Using antibacterial mouthwash or salt water: It is a good idea to rinse your mouth with antibacterial mouthwash or salt dissolved in warm water in order to reduce the bacterial load in your mouth. This will reduce the number of bacteria present which will reduce the possibility of bad breath being produced. However, do not do this within the first 24 hours of the extraction, as it may cause the blood clot to be dislodged.
Use an oral irrigator: Once the period of time has passed in which your dentist has advised you to avoid using a toothbrush in the area of the extraction site, you may use an oral irrigator. This is a device used to clean the mouth which creates a stream of pulsating water which removes food particles from areas of the mouth that are hard to reach otherwise. This will ensure that your mouth is thoroughly clean and there are no food particles left for the bacteria to act upon which causes bad breath.
Avoid consuming sweet drinks: When you drink sweet drinks, they coat your teeth with sugar. This sugar acts as a material for the bacteria in your mouth to feed on, which in turn causes the production of the substances that cause bad breath. You should prevent this problem by avoiding sugary and sweet drinks for the first several days after your wisdom tooth extraction.
Sip water frequently throughout the day: As your mouth is dry from using painkillers to manage the pain after the extraction, it can be helpful to sip a little water at frequent intervals throughout the day in order to prevent dry mouth and keep bad breath away.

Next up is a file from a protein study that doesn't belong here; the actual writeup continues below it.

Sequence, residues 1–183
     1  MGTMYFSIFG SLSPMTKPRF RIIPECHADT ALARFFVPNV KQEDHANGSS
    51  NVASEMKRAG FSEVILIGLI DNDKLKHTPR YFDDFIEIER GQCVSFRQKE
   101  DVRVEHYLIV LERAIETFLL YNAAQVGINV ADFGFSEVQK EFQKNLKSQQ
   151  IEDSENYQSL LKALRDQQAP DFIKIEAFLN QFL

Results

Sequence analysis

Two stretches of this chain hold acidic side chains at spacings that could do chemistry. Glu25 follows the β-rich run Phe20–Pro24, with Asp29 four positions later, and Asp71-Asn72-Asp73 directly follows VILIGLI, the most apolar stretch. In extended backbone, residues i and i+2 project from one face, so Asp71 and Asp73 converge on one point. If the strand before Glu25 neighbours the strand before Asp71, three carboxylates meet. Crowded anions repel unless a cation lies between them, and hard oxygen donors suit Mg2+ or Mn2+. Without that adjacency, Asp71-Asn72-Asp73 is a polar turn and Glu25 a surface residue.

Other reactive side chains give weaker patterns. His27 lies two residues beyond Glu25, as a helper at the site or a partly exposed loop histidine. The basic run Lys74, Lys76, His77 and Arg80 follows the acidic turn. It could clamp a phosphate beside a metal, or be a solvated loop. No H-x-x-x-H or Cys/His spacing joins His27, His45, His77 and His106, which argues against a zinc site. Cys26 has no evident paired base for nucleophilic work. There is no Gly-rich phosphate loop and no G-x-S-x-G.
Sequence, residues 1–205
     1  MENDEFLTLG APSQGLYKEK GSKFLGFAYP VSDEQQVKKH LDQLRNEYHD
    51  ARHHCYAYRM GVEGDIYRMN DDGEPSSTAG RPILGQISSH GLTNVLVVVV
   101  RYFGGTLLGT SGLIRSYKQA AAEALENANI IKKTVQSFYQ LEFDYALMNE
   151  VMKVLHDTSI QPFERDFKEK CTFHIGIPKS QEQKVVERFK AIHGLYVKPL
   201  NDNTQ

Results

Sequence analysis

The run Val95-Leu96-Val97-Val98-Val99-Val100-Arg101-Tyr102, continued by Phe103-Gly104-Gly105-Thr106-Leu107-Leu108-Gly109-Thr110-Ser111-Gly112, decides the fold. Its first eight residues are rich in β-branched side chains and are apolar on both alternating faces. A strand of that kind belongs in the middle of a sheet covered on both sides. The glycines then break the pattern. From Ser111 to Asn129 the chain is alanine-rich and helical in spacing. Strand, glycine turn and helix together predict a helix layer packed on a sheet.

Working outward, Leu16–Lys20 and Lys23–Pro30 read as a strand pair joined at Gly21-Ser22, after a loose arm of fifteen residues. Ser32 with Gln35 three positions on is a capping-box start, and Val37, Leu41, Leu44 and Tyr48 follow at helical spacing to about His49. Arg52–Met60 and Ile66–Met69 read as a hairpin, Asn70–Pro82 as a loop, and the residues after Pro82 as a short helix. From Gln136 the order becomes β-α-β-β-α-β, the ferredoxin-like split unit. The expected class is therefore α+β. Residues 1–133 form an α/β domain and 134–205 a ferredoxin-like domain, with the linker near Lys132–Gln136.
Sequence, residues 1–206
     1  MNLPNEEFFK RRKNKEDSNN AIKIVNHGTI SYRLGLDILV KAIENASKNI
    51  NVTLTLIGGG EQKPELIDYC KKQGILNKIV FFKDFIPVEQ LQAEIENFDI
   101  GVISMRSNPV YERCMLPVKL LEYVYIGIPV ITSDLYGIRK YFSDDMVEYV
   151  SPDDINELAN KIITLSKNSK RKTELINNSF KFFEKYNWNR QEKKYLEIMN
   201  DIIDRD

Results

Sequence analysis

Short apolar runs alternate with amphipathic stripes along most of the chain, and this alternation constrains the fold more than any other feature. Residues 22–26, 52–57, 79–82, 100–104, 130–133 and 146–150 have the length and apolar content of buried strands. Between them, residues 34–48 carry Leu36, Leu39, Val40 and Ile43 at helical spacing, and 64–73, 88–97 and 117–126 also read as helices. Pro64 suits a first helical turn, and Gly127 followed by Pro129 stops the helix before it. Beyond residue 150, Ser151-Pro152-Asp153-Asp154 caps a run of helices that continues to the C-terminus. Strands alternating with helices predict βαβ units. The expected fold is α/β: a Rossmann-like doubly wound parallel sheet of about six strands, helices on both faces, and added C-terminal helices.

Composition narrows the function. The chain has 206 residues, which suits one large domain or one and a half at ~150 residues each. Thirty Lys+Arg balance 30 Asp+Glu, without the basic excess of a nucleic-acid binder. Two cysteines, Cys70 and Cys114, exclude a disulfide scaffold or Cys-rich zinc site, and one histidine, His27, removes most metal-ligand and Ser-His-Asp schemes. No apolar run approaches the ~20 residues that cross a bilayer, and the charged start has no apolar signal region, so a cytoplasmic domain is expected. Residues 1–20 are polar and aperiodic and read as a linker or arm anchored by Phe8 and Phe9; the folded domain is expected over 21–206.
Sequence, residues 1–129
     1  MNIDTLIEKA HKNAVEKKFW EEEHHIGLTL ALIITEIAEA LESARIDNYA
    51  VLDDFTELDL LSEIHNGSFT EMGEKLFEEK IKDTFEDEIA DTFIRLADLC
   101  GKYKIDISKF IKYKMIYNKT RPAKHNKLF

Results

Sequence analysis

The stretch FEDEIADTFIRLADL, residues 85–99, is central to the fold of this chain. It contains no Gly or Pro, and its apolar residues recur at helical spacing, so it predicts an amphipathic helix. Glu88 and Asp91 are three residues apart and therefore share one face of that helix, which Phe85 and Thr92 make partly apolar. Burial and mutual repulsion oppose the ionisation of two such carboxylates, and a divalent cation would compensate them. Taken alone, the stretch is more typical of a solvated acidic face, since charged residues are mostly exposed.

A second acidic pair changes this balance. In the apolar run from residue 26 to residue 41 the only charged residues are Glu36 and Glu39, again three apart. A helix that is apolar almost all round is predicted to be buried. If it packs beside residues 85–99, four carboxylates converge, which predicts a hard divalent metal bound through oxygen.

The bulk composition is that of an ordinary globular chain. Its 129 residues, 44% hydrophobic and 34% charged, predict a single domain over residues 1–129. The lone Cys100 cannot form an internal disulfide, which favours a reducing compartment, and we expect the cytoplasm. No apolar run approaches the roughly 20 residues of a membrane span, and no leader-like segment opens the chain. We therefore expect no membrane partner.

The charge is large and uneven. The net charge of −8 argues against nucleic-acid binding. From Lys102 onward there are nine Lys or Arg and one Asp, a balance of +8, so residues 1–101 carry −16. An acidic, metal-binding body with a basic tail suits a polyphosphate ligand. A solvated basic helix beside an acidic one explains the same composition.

Make sure to keep hydrated: You don’t want to be dehydrated in such a situation, which will make the bad breath worse by causing dry mouth. Make sure to drink enough water in a day to prevent dehydration, which is usually eight to ten 8-ounce glasses of water.
Rinse your mouth after you eat: Even if you find it difficult to brush your teeth the first few days after a tooth extraction, at least rinse out your mouth with water after meals in order to prevent food particles from being stuck in your mouth.
Avoid disturbing the blood clot at the extraction site: You may feel like cleaning the extraction site while you are cleaning the rest of your mouth, but it is strongly advised to avoid disturbing the healing site, especially during the first few days after the extraction. By preventing the blood clot from being disturbed, you are ensuring that the healing progresses smoothly, which helps to avoid dry socket.
When bad breath after wisdom tooth removal becomes a cause for concern
If the bad breath does not go away after four or five days have passed following the extraction,
” Ideally the bad breath should go away on its own.”